GRAND JUNCTION (AP) – Like most teenagers, Holli Gutierrez craved independence and freedom.
But it wasn’t the type of unfettered existence her peers wanted, not exactly. Not the life without curfews, without adults asking questions, grounding them or offering unwanted advice.
She wanted the independence from living with people who hurt her, the ones who said she wouldn’t make it on her own. The one who hit her when she stood up for her mom, when she was a shy 14-year-old girl who had enough, and came away with a bloodied nose before she went to live with her older sister.
Now, 17-year-old Gutierrez is away from all that. She’s independent, but still not legally an adult, and she’s the first one to say she needs some help now and then, the kind of help others usually get from their parents at this age, but she doesn’t want anyone’s pity.
And she’s received that assistance, from a nonprofit organization that supports teens who age out of the foster care system like she’s doing.
Just one year into its existence, Foster Alumni Mentors is helping Gutierrez and others who are trying to become independent and make a life for themselves, to learn how to be adults and forge their own paths to success.
The nonprofit’s founder, Kim Raff, aged out of the foster care system herself, after leaving an abusive household and being placed in a foster home. Raff attended college after working at Dairy Queen and receiving support from her boss at the time, who recognized her potential and encouraged her to further her education. Now, she’s helping the next generation of kids who just couldn’t live at their biological families’ houses for whatever reason, and need to make their own way in the world.
Gutierrez, who graduated from high school early and lived with her 26-year-old sister for the past three years, is now enrolled as a freshman at Colorado Mesa University and plans to enter the nursing program. She has her sights set on a career as a trauma nurse and likes the idea of helping others and saving lives.
After she left her mother and stepfather’s home when she was 14, she first experienced her feeling of relief from being away from that environment, but also trepidation at her new situation.
“I was so lost,” Gutierrez said. “I didn’t know what I was going to do. I was trying to start my life all over again.” Finishing high school early wasn’t hard for her, and she earned A’s and B’s, but starting the next step was an unknown she needed help navigating.
Because no one in her family had applied for college before, Gutierrez didn’t have anyone to help her fill out forms or even know what she needed to turn in to get accepted and apply for financial aid. Raff helped her navigate paperwork, showed her how to interact with staff at the school and taught her important tips, like always getting the business card of the person you deal with for future reference.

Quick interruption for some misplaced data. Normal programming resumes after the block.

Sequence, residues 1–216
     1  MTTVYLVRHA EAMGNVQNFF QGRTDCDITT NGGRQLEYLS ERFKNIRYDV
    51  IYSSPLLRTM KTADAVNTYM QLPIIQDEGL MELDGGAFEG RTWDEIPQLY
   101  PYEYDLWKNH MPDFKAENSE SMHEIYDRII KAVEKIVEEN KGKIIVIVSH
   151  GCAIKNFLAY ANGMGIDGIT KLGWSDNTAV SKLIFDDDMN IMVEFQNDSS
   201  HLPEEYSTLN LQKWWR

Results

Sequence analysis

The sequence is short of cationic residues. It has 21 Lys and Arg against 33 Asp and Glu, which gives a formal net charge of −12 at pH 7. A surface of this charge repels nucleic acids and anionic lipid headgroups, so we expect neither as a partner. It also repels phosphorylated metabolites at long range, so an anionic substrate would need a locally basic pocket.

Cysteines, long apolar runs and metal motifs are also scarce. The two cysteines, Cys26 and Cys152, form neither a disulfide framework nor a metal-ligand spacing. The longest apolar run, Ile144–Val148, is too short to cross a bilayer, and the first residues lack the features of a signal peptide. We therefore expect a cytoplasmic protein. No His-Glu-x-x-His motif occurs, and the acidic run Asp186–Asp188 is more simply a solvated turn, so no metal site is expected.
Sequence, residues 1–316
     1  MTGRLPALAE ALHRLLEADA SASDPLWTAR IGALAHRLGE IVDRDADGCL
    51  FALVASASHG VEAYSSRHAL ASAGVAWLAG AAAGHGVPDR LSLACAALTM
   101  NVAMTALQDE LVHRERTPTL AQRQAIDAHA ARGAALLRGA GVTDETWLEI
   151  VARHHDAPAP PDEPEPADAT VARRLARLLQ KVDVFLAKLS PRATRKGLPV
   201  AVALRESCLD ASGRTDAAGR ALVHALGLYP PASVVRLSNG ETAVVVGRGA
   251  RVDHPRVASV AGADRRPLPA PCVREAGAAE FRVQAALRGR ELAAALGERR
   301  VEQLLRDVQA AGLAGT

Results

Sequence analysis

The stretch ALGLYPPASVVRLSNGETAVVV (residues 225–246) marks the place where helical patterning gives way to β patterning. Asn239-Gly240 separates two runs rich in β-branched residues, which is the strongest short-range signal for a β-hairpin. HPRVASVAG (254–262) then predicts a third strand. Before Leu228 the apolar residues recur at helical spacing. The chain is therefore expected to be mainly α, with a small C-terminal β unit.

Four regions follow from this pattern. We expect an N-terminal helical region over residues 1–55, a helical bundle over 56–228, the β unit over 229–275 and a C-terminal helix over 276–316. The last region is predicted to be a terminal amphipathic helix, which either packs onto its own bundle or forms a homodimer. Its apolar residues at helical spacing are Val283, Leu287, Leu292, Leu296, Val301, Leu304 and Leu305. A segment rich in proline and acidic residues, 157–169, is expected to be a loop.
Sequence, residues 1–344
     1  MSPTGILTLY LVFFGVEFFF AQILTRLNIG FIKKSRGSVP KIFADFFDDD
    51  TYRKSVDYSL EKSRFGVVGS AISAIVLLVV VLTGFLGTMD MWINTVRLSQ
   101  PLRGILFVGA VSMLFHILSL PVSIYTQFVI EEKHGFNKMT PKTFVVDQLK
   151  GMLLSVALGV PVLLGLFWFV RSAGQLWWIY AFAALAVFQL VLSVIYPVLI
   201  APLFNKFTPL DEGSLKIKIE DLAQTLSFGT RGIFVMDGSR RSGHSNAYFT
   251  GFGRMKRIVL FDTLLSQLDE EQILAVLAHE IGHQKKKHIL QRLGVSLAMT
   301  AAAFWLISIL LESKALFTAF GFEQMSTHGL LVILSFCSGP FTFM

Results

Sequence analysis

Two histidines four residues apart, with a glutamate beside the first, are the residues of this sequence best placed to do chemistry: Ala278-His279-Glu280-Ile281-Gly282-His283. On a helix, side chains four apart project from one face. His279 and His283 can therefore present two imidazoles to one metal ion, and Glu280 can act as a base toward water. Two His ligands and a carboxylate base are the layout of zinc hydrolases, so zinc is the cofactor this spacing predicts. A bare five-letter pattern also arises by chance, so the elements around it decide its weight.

“It’s about modeling how you can advocate for yourself, most of the time,” Raff said. Raff said her role isn’t to replace the foster kids’ parents or families, but to provide individualized support for whatever they need to succeed, and help them form their own community. She’s available 24-7 for Gutierrez if she needs her, and is only a phone call away. Just knowing that is a huge relief, Gutierrez said.
Some of the things she’s done for Gutierrez seem small, but they mean a lot. When Gutierrez got word she was accepted and needed to come to orientation at school, she asked Raff if she would come, too, because she was nervous and wanted to have her there, and she knew other incoming freshmen would probably have parents there.
When other kids had their parents moving them into the dorms, Raff brought Gutierrez items people donated to the nonprofit for her, a microwave, a mini-fridge, linens and snacks.
Raff also matched Gutierrez with a volunteer mentor, an anatomy professor on campus, who let her know she was eligible to apply for the Saccomanno Scholarship. With only days before the deadline, Gutierrez applied and secured money for tuition.
Gutierrez is one of 19 foster youths the nonprofit has served in its first year of existence, and Raff and other volunteers have helped them get jobs, sign up for assistance, obtain funding for tuition and even given them rides and brought them medication when they were sick, among other things.
Raff and the organization provided tangible help with setting up Gutierrez’s dorm room and getting her settled at school, but Gutierrez said the things that matter most isn’t the stuff you can see or touch.
“Kim’s like a mom to me,” she said. “I love her so much, she’s just been there for me when no one else was. I know I’m not alone.”